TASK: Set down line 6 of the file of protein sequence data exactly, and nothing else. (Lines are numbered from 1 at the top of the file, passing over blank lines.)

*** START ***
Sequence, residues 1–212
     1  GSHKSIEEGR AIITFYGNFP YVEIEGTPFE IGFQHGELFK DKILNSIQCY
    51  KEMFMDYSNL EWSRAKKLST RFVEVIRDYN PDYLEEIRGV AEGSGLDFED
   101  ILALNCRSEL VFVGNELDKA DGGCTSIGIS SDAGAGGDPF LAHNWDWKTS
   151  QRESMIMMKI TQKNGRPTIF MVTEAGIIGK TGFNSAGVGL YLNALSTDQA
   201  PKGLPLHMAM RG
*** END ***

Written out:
   201  PKGLPLHMAM RG